I have never once tried to make my own pickles. I haven’t made quick pickles. I haven’t made fermented pickles. I haven’t put something in a jar with a vinegar solution once in my life, that is until I picked up Smoke and Pickles as our August 2019 cookbook of the month. Bless Edward Lee and his simple pickle recipes for people like me to try out. So far, we’ve started the process for pickled garlic.
We began on August 11th by placing as much garlic as I could fit into the small jar I bought for this purpose and soaking it in vinegar for five days per his instructions. It just sat in my refrigerator, doing whatever it is vinegar does to garlic. Then the 16th came, and that was the day to change it over to a more flavorful pickling fluid.
You can get the recipe from the cookbook, of course, but the pickling liquid is primarily soy sauce and rice wine vinegar. I was so pumped about it that I opened the pop up jar I use the next day and spilled half of it out of the garlic and on my table. My husband watched me cry on the floor about my own failures before running out to get me more soy sauce and rice wine vinegar so I could make the pickling liquid again. I made the pickling liquid again and tossed out what little I had left of the old liquid before covering the garlic again.
The good news is that I don’t believe my little screw up ruined the pickled garlic. We’ve used it a time or two just to try off some garlic chips to put on top of burgers, and the soy based vinegar solution in them really popped against the beef patties. Unfortunately, I have not attempted to use this pickled garlic in place of any other garlic in my normal recipes. We may have to return to the pickles of this book later in the year, as the farmer’s market season comes to a close.
The pickles are in the title, so I spent a lot of time at least looking at these recipes. Given some more time, better produce, and better memory, I think I could pull most of them off as a fermentation novice. There is a pickled corn relish that looked absolutely delicious, but I didn’t try it since I knew I would be out of town for a large portion of the time that the project would be edible.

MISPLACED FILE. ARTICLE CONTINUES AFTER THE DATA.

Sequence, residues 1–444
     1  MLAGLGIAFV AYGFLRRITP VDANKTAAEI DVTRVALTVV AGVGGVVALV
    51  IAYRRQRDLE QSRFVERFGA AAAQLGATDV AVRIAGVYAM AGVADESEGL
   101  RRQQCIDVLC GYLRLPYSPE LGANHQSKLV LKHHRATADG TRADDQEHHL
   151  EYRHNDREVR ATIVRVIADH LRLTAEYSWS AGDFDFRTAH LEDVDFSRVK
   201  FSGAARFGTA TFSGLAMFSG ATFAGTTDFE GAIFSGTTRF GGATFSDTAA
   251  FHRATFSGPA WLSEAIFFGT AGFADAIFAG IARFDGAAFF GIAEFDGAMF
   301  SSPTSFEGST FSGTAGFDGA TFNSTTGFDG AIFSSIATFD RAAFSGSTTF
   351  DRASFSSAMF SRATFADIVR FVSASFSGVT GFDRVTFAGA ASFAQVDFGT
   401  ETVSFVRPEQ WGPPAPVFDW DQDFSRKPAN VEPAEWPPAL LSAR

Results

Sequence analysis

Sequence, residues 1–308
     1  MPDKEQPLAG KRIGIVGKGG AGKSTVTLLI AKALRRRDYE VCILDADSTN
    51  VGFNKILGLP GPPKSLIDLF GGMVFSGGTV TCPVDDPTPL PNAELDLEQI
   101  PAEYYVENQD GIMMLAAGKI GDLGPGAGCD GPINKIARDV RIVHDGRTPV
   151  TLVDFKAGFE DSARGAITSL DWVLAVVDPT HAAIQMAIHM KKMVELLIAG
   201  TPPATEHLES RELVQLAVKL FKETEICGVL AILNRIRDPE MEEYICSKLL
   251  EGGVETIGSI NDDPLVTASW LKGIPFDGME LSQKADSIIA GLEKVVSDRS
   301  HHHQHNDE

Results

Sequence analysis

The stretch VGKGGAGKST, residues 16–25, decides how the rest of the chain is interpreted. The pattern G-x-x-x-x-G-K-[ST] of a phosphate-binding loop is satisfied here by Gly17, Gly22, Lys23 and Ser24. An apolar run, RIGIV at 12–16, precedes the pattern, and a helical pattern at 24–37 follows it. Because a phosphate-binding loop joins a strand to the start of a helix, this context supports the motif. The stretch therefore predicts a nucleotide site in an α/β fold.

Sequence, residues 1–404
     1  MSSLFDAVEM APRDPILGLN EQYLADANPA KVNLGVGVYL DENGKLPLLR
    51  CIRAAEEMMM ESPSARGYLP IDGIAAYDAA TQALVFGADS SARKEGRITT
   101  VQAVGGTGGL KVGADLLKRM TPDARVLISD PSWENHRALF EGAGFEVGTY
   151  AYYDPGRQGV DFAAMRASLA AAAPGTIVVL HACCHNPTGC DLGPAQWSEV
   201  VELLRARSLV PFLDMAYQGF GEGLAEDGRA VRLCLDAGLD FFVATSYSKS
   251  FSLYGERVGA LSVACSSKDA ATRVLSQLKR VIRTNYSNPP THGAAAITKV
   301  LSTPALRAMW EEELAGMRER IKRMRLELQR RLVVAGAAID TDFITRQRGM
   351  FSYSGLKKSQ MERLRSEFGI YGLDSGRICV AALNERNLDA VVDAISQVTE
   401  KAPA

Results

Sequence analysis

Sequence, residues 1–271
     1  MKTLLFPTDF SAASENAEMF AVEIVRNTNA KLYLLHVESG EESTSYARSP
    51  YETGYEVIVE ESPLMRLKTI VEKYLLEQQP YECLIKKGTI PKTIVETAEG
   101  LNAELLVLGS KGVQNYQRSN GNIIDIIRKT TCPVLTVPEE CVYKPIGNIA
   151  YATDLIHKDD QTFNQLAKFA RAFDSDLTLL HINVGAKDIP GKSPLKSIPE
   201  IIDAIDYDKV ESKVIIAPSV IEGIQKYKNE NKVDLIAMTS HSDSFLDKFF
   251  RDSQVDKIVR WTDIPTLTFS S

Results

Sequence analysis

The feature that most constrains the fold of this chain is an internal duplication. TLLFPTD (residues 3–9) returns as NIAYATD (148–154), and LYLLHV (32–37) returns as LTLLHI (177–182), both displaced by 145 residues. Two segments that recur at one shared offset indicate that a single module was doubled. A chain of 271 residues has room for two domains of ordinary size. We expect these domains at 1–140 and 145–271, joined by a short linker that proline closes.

We also tried Edward Lee’s Adobo fried chicken and waffles. My husband has a deep love of both chicken adobo and chicken and waffles, so this was one of the stand out recipes to me while deciding what kind of cooking we would get up to in August. The process of frying adobo chicken is definitely not a week night thing. Getting the chicken into the brine for long enough and THEN having to fry it while simultaneously making waffles is a bit much for a regular meal, but it may be something that returns to the table on the weekends as a special treat.
With the book broken up by ingredient categories, such as beef, chicken, veggies, pickles, sweets, etc, it’s easy to navigate and find something to try when you pick up Smoke and Pickles. If you’re a fan of Edward Lee from his appearance on Mind of a Chef, I highly suggest this book for your collection. It’s stuffed with personal stories related to each section, recipes of both low and high difficulty, and it truly is for the modern southern kitchen.
Smoke and Pickles is of course available on Amazon, but it is among the limited number of cookbooks that I see in almost every bookstore I visit if you prefer to support a small, local business. Thank you for joining us for our cooking adventures in August. Can’t want to see you around in September for Good Eats.
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An idea born in Normal, Illinois, Eating Normal hopes to chronicle the eating Experiences of a Red bird.
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